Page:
It’s a fact: We nurses are masters of the work-around. Our near-universal penchant for hunting and gathering what we need to care for our patients means our pockets are full of tape and bandages, we have secret stashes of clean wash cloths, pillows and noninstitutional toothpaste, juice boxes and stickers for small fry.
But this benevolent hoarding speaks to a larger, darker truth about our workplaces — the nation’s hospitals and clinics — and offers a metaphor about the stress, lack of support, recognition and appreciation nurses, who at 3.1 million strong make up the largest portion of the health care workforce, may feel.
While many in the wider American workforce report disengagement at work — a recent and widely cited Gallup survey found that more than two-thirds of us are “just putting in our time” — health care is one profession where the consequence of disengaged, burned-out frontline caregivers is dire. And costly.
Nurse turnover — among the most expensive problems a hospital faces — stands at 20 percent, according to research published in the Journal of Nursing Administration. Retraining and replacing those who leave costs two and three times a nurse’s annual salary.
And it’s not just professional and financial jockeying. A U.S. Hospital Nursing Labor Costs study found that 14 percent of registered nurses abandon the field, while an American Journal of Nursing study reported that more than a third — 37 percent — want to after a single year. Among those who tough it out, “working wounded” nurses are at best demoralized and at worst error-prone.
Nobody goes into nursing to harden their heart; every nurse can recall the tidal wave of pure joy first experienced with a baby’s birth, a remission, a patient’s jubilant discharge. So what’s happening?
Turns out, a lot. Many nurses report feeling a lack of respect, support, collegiality and collaboration. Others feel devoured by the dissonance between patients’ complex medical problems and hospitals’ bottom lines. Still others find they’re not listened to, feel bent in half by needless and repetitive paperwork, computer screens and inflexible schedules. That health care is rife with fatigue-inducing layers doesn’t help, and we know from research that many nurses on the ground don’t feel empowered to make decisions.
While we nurses love our work, we often hate our jobs.
*** The two of us started learning nursing in the 1970s, a time in which nurses were instructed never to get attached to patients, never to cry, never to let the job own our emotions. But today, there’s a burgeoning understanding that it’s as critical to care for the care providers as it is to care for the patients.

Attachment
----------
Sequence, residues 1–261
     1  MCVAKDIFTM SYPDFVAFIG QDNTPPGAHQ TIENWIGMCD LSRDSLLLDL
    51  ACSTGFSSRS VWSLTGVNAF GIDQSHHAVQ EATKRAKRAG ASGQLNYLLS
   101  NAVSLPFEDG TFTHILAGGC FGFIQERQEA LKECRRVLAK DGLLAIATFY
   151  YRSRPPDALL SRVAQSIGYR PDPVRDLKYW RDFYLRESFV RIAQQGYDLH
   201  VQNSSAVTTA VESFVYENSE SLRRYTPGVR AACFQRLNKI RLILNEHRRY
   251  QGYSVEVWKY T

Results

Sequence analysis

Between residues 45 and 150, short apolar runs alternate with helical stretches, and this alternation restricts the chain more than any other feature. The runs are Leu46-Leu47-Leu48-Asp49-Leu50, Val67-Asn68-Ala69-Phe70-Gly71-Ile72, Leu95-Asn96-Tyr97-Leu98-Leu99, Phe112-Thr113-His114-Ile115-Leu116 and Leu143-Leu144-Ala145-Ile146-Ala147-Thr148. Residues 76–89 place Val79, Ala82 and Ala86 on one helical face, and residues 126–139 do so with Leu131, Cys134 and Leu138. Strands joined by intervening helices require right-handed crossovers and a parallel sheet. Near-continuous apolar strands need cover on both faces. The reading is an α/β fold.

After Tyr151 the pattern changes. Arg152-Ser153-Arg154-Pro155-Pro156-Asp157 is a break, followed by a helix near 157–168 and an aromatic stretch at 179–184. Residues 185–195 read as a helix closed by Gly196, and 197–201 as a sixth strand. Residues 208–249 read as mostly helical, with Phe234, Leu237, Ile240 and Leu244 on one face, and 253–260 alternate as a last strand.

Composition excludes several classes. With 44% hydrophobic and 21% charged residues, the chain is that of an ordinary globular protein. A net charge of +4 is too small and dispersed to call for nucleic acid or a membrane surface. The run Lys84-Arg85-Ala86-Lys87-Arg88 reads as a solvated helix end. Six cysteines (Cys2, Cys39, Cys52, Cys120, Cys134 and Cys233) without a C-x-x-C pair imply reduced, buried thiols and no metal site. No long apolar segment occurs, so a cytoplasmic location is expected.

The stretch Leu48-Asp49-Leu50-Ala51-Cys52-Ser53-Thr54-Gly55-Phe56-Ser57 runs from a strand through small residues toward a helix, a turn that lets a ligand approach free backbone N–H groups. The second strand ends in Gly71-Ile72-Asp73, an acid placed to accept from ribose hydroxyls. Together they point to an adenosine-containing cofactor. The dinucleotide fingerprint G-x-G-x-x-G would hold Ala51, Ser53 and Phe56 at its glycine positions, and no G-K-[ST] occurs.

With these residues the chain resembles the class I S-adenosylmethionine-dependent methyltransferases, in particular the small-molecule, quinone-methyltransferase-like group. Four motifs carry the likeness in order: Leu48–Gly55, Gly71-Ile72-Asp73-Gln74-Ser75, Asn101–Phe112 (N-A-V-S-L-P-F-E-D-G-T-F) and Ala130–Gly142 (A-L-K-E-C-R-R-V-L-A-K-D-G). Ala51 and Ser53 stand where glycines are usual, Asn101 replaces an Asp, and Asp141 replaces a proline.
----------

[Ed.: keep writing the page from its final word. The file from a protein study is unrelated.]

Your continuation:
Physically and emotionally strong nurses provide stellar care, and resilience in nursing and healthcare yields dividends by decreasing turnover, cultivating engagement and even boosting empathy and compassionate care. When nurses feel cared for, their own care improves. They’re also more loyal to institutions, colleagues and administrators when they feel valued. And when respect, empowerment and collaboration are the order of the day within the hospital corridors, patients benefit and safety metrics improve alongside, yes, the bottom line.
Sound basic? It really is. And yet, across the U.S. it’s not being done.
To get nurses where they need to be, we must teach resiliency in nursing school and beyond. It must be offered at hospitals through continuing education credits and workshops that give nurses a way to tap into methods for keeping their spirits buoyant through practices like yoga, meditation and mindfulness.
We must look at existing relationships and systems within our hospitals to intentionally foster healthy work environments that support a strong work-life balance, celebrate accomplishment, recognize and retain talent and link high expectations and performance with praise, incentives and financial rewards not just at the outset but throughout nurses’ careers.
We must insist on clinical collaboration that recognizes the value of each person’s role on the care team, and as health care leaders, find executives not solely driven by spreadsheets, ego and power but by a brand of servant leadership that is both humble and grateful.
When nurses feel supported, the burnout tide shifts. Retention improves, and so does patient care. One study found that a well-supported healthcare staff experienced 48 percent fewer adverse events. Another found that while hospitals with more stressed-out nurses had dramatically higher infection rates, even a 30 percent reduction in stress resulted in some 6,000 fewer infections at a single medical center.
In an era where nurses are even more central to care delivery, it’s never been more critical to look at how we frame our organizations’ support of nurses. Physicians and executives are no longer at an unquestionable, distant peak issuing edicts: healthcare must become a respectful conversation, with each participant playing an important, distinct role.
Servant leadership is hardly New Age hocus-pocus; it’s good, old-fashioned sense. Trust, respect and care well for those who are your primary caregivers — the core of your organization and the drivers of its safety metrics — and loyalty, retention, quality, safety and costs will fall into line.
Nursing is hard enough without combative, disrespectful relationships with colleagues on the inside. But if they are listened to and supported, if logistical roadblocks are removed by leaders not driven by ego or history or policy or why something can’t be done, nurses will be able to both love their work and their jobs.
And maybe when this happens, we’ll empty their pockets in favor of well-stocked supply closets everywhere.